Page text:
This first week of Advent is the week of Hope!
Adonai, you are my God.
I exalt you, I praise your name.
For you have accomplished marvels,
[fulfilled] ancient plans faithfully and truly.
For you have made a city a heap of stones,
turned a fortified city into rubble,
made the foreigners’ fortress
a city that will never be rebuilt.
Therefore mighty peoples glorify you,
the city of ruthless nations fears you.
For you have been a refuge for the poor,
a refuge for the needy in distress,
shelter from the storm,
shade from the heat —
for the blast from the ruthless
was like a storm that could destroy a wall.
Like desert heat, you subdue
the foreigners’ uproar;
like heat subdued by a cloud’s shadow,
the song of the ruthless dies away.
On this mountain Adonai-Tzva’ot
will make for all peoples
a feast of rich food and superb wines,
delicious, rich food and superb, elegant wines.
On this mountain he will destroy
the veil which covers the face of all peoples,
the veil enshrouding all the nations.
He will swallow up death forever.
Adonai Elohim will wipe away
the tears from every face,
and he will remove from all the earth
the disgrace his people suffer.
For Adonai has spoken.
On that day they will say,
“See! This is our God!
We waited for him to save us.
This is Adonai ; we put our hope in him.
We are full of joy, so glad he saved us!”
For on this mountain
the hand of Adonai will rest.
But Mo’av will be trampled down where they are,Isaiah 25:1-12 (CJB)
like straw trampled into a pile of manure.
They will spread out their hands in Mo’av,
like a swimmer using his hands to tread water;
but their pride will be humbled and sunk,
no matter how clever the strokes of their hands.
Your high, fortified walls he will level,
strike to the ground, lay in the dust.
Let me say this, brothers: flesh and blood cannot share in the Kingdom of God, nor can something that decays share in what does not decay. Look, I will tell you a secret — not all of us will die! But we will all be changed! It will take but a moment, the blink of an eye, at the final shofar. For the shofar will sound, and the dead will be raised to live forever, and we too will be changed. For this material which can decay must be clothed with imperishability, this which is mortal must be clothed with immortality. When what decays puts on imperishability and what is mortal puts on immortality, then this passage in the Tanakh will be fulfilled:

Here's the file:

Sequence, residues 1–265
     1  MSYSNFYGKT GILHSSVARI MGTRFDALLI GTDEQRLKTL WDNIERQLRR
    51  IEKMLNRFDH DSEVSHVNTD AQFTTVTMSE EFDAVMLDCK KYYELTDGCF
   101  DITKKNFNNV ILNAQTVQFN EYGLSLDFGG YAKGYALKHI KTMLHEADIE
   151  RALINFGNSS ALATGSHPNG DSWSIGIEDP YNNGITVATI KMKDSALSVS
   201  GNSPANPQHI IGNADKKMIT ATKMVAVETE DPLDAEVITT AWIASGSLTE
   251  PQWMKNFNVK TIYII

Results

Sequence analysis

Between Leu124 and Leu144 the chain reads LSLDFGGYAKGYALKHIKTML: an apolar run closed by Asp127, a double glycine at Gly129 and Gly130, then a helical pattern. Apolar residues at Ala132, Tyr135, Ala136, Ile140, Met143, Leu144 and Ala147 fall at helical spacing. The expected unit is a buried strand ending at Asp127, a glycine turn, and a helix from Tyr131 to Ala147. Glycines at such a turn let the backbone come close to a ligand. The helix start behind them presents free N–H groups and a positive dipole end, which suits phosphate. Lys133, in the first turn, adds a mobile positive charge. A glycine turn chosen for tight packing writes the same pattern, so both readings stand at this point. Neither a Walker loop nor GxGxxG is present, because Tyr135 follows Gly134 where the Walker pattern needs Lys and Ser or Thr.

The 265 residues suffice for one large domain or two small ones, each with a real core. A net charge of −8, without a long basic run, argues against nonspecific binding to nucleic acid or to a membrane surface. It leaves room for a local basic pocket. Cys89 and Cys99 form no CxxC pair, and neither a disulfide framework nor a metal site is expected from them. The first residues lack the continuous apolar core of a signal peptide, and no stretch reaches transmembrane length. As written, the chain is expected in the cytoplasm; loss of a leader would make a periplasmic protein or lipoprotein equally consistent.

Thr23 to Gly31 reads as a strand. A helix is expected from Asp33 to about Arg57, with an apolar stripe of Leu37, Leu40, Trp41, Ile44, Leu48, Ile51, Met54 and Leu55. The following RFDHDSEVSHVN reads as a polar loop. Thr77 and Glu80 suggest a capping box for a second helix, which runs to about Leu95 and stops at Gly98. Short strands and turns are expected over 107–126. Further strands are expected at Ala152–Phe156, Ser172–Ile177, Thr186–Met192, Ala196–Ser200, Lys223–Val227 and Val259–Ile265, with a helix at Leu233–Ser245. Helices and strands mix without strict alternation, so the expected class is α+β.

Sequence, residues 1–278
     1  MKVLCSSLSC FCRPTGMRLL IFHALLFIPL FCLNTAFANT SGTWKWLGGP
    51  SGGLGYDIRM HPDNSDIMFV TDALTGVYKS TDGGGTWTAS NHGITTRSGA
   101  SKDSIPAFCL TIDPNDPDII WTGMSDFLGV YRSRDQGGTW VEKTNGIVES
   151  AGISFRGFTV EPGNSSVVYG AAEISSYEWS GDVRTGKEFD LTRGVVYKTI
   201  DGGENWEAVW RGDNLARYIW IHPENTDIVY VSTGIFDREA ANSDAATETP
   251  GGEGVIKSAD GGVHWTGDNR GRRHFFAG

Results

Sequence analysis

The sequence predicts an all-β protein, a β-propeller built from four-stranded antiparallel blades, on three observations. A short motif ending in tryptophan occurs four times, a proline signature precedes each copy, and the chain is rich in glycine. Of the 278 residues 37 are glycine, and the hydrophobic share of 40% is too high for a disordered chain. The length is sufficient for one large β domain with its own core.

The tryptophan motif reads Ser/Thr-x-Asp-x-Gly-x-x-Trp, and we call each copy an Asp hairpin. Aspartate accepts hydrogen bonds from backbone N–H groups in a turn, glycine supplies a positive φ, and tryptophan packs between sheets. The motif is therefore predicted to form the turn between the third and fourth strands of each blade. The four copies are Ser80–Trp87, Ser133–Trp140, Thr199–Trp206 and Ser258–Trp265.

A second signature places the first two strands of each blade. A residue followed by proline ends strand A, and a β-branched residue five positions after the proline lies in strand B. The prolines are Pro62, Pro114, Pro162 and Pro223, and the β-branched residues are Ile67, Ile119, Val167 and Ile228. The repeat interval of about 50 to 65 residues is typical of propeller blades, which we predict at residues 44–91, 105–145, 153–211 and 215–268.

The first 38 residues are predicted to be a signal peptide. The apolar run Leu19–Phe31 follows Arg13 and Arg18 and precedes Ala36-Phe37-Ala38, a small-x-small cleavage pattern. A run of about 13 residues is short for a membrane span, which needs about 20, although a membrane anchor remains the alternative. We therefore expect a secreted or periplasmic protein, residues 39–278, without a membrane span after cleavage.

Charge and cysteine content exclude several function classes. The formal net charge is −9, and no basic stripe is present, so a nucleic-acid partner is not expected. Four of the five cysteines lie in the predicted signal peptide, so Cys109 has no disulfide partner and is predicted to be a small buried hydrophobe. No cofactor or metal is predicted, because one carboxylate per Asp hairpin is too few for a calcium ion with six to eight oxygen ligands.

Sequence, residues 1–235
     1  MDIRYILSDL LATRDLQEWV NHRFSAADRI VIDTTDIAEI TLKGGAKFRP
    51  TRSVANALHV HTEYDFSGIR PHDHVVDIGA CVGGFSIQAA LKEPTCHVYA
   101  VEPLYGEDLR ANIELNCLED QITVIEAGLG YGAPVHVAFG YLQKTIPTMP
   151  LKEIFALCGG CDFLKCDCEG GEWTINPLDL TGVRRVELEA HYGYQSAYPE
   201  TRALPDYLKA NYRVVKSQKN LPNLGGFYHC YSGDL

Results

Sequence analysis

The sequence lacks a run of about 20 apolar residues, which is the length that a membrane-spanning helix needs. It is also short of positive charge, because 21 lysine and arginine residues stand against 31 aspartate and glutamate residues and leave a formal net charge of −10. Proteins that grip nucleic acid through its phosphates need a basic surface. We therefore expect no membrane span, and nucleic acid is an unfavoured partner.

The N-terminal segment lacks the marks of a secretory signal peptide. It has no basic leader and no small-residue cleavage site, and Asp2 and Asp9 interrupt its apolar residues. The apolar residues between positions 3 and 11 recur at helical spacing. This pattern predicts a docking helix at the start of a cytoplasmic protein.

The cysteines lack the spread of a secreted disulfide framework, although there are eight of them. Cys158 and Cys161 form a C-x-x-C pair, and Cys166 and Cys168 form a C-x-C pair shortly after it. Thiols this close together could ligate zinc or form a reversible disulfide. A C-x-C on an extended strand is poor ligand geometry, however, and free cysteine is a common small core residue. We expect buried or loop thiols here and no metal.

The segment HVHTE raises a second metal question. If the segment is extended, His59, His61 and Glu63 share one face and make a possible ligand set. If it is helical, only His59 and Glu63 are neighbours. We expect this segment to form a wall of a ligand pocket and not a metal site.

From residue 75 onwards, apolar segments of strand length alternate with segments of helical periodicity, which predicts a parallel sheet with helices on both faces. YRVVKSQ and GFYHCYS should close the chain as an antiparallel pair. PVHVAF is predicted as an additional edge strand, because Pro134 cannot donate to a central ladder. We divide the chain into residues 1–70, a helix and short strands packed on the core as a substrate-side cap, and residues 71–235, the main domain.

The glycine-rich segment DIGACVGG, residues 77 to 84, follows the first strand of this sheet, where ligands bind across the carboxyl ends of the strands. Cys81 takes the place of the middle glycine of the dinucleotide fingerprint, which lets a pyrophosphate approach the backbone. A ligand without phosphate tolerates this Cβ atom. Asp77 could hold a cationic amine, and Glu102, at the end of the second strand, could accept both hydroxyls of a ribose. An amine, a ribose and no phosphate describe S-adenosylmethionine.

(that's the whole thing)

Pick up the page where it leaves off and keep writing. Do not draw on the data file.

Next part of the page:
“Death is swallowed up in victory.
“Death, where is your victory?
Death, where is your sting?”
The sting of death is sin; and sin draws its power from the Torah; but thanks be to God, who gives us the victory through our Lord Yeshua the Messiah!
So, my dear brothers, stand firm and immovable, always doing the Lord’s work as vigorously as you can, knowing that united with the Lord your efforts are not in vain.1 Corinthians 15:50-58 (CJB)
There is a difference in what is eternal and what is temporal. We all know this deep down, yet we all spend our lives toiling for the temporal. We all hang our hats on pegs that will not last. We know this, deep down. In the musical Hamilton, King George famously sings, “Oceans rise, empires fall!” We know this to be true from history class. Yet, none of us really thinks about these things as they pertain to us. Yes, we think, America won the Revolutionary War! We don’t think about the fact that England lost. We don’t think about the fall of Rome—not in a way that pertains to us, anyway.
Isaiah says, “Look, we’ve been hoping in this God, and He’s now saved us!” And we think, “Yes, yes! He did come and save us. We know about that Holy Baby in the manger. We know about that King who died for His people. We know how He rose again!” We rejoice in a day that was saved. But the saving isn’t over; it’s still underway. All things are being made new as we speak! Because of the lowly, lovely king (mewithoutYou), I’m being made new, even now. The Day-with-a-capital-D is still coming. And we’re still waiting. While oceans rise and empires fall (Hamilton), we’re waiting. Because on that day, we’ll all be changed! The temporal things—they’ll do what temporal things do: they’ll disappear from sight and, eventually, memory. What will remain? The eternal. Those things that are really important. Those people made in His image who He came to save and change into something new. There will be victory in Jesus for the slaves who have remained captives all these years. We’ll be changed. We’ll still be.
This Advent, as we prepare for that coming Day when we’ll be changed, let us remember to spend our time on the eternal things. What are the eternal things? Not the presents, not the tree, not the tinsel—but the people you’re sharing the season with. The people you worship alongside. The neighbors you pass on your drive home. The family you sit and enjoy the season with. The beggar on the street. The foster child whose gifts you buy. People. That is what is eternal. Pointing those people to the God we have waited for and still wait for, Who will save us—that’s eternal. That’s worth our focus.
Today’s song: Joy Unto The World by The Afters